J Cancer 2018; 9(21):3923-3928. doi:10.7150/jca.26220
A Prognostic Nomogram for Cervical Cancer after Surgery from SEER Database
1. Department of Epidemiology and Biostatistics, School of Public Health, Harbin Medical University, Harbin, 150086, China;
2. Department of Gynecology Oncology, the Tumor Hospital, Harbin Medical University, Harbin 150086, China.
3. Department of Cardiology, The First Affiliated Hospital of Harbin Medical University, Cardiovascular Institute, Harbin Medical University, Harbin, China
*These authors contributed equally to this work.
Wang C, Yang C, Wang W, Xia B, Li K, Sun F, Hou Y. A Prognostic Nomogram for Cervical Cancer after Surgery from SEER Database. J Cancer 2018; 9(21):3923-3928. doi:10.7150/jca.26220. Available from http://www.jcancer.org/v09p3923.htm
Background: To develop and validate a nomogram based on the conventional measurements and log of odds between the number of positive lymph node and the number of negative lymph node (LODDS) in predicting prognosis for cervical cancer patients after surgery.
Methods: A total of 8202 cervical cancer patients with pathologically confirmed between 2004 and 2014 were obtained from the Surveillance, Epidemiology, and End Results (SEER) database. All the patients were divided into training (n=3603) and validation (n=4599) cohorts based on consecutive age of diagnosis. Demographic and clinical pathological factors were evaluated the association with overall survival (OS). Parameters significantly correlating with OS were used to create a nomogram. An independent external validation cohort was subsequently used to assess the predictive performance of the model.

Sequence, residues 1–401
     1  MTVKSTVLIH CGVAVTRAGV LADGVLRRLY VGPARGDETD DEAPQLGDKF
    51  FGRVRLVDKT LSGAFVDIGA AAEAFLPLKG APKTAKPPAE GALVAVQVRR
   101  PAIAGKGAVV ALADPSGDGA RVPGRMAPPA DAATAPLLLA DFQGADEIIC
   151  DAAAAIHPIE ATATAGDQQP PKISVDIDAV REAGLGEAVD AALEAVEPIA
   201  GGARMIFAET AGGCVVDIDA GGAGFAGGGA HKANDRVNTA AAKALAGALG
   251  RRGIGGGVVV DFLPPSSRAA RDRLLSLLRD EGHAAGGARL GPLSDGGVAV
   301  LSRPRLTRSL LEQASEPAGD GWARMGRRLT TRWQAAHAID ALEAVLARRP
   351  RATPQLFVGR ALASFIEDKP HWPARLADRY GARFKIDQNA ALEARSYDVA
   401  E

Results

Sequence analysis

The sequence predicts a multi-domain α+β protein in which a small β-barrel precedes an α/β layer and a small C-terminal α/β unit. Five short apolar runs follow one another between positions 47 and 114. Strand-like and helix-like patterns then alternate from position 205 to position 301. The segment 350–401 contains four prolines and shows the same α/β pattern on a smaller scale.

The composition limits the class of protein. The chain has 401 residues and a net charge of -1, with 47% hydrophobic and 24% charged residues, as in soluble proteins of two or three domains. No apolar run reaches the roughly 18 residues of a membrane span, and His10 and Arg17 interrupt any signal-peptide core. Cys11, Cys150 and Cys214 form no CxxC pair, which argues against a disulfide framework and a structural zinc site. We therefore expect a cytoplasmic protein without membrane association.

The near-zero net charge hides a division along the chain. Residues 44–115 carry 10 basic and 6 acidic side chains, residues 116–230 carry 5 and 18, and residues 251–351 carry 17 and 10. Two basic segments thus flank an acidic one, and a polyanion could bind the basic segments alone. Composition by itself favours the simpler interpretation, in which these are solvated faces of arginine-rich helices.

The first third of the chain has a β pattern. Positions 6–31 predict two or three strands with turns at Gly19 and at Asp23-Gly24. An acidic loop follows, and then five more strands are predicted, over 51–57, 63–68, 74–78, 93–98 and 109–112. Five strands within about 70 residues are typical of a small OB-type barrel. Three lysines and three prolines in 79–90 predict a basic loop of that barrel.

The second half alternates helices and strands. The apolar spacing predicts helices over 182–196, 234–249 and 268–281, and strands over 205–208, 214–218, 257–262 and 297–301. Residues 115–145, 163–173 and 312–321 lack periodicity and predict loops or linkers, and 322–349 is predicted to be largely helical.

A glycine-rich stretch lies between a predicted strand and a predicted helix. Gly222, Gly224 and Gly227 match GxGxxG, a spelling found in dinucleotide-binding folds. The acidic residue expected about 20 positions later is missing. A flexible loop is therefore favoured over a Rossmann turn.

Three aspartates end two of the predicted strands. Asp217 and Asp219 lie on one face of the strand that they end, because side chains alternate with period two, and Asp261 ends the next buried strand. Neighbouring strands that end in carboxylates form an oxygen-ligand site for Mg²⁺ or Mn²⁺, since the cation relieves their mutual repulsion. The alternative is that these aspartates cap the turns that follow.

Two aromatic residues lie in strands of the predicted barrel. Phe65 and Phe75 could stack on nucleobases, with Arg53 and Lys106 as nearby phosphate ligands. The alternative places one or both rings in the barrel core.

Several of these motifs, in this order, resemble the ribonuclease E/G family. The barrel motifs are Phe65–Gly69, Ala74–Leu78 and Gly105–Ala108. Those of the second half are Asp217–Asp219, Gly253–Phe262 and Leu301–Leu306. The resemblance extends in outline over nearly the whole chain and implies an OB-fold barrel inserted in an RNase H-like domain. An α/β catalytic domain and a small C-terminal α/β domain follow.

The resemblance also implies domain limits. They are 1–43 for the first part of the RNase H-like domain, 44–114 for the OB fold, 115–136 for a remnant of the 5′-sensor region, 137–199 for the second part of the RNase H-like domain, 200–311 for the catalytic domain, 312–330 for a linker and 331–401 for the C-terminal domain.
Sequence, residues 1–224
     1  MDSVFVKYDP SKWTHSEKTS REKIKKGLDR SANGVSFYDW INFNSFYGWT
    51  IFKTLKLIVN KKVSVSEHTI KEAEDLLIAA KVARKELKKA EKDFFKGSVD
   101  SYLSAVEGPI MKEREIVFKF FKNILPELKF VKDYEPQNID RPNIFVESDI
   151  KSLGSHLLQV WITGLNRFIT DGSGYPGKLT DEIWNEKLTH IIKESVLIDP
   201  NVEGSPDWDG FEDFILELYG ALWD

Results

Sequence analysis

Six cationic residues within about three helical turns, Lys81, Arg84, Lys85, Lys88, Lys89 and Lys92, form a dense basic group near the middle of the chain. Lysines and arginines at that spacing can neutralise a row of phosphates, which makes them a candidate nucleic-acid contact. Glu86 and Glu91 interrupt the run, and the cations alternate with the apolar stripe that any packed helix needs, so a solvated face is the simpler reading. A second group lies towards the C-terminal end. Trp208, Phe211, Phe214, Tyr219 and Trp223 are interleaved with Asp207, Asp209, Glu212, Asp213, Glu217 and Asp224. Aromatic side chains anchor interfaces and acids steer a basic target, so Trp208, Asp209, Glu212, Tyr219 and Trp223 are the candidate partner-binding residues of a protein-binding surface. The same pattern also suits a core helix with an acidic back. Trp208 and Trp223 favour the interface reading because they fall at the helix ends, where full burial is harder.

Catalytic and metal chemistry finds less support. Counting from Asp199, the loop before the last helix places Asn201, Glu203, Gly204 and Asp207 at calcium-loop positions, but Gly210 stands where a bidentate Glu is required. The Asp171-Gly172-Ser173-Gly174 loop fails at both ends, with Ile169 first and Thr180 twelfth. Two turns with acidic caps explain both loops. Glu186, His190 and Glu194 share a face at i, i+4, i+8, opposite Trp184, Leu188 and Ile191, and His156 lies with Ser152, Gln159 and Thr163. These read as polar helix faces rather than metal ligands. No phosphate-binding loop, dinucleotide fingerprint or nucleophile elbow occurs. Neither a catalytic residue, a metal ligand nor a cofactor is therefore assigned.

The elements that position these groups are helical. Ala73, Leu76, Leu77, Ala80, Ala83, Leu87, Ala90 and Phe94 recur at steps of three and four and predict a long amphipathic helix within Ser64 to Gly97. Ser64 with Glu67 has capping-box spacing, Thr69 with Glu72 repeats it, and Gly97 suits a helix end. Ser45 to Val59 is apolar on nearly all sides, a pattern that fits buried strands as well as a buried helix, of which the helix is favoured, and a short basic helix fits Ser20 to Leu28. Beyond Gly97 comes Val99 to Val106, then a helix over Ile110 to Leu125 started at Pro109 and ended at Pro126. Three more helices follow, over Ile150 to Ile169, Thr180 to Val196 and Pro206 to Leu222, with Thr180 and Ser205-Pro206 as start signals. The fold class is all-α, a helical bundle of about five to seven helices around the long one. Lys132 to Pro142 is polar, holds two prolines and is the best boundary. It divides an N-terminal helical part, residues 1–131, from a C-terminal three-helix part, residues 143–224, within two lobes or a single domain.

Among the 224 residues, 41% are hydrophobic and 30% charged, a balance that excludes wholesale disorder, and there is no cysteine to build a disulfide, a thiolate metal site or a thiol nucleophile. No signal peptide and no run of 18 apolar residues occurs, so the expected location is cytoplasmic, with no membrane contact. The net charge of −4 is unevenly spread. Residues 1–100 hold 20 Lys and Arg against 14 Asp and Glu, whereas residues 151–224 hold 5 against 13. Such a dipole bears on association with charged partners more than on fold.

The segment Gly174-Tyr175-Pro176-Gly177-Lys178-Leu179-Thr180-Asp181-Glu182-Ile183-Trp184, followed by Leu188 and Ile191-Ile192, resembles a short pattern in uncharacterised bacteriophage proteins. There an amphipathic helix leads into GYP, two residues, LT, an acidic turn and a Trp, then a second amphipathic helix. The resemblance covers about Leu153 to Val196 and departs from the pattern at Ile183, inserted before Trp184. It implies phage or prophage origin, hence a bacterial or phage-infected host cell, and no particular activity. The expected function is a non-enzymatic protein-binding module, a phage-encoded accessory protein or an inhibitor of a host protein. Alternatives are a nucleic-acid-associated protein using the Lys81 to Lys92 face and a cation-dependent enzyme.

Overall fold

Results: In the training set, age at diagnosis, race, marital status, tumor grade, FIGO stage, histology, size and LODDS were correlated significantly with outcome and used to develop a nomogram. The calibration curve for probability of survival showed excellent agreement between prediction by nomogram and actual observation in the training cohort, with a bootstrap-corrected concordance index of 0.749(95% CI, 0.731-0.767). Importantly, our nomogram performed favorably compared to the currently utilized FIGO model, with concordance indices of 0.786 (95% CI, 0.764 to 0.808) vs 0.685 (95%CI, 0.660 to 0.710) for OS in the validation cohort, respectively.
Conclusions: By incorporating LODDS, our nomogram may be superior to the currently utilized FIGO staging system in predicting OS in cervical cancer patients after surgery.
Keywords: prognostic model, nomogram, cervical cancer, SEER database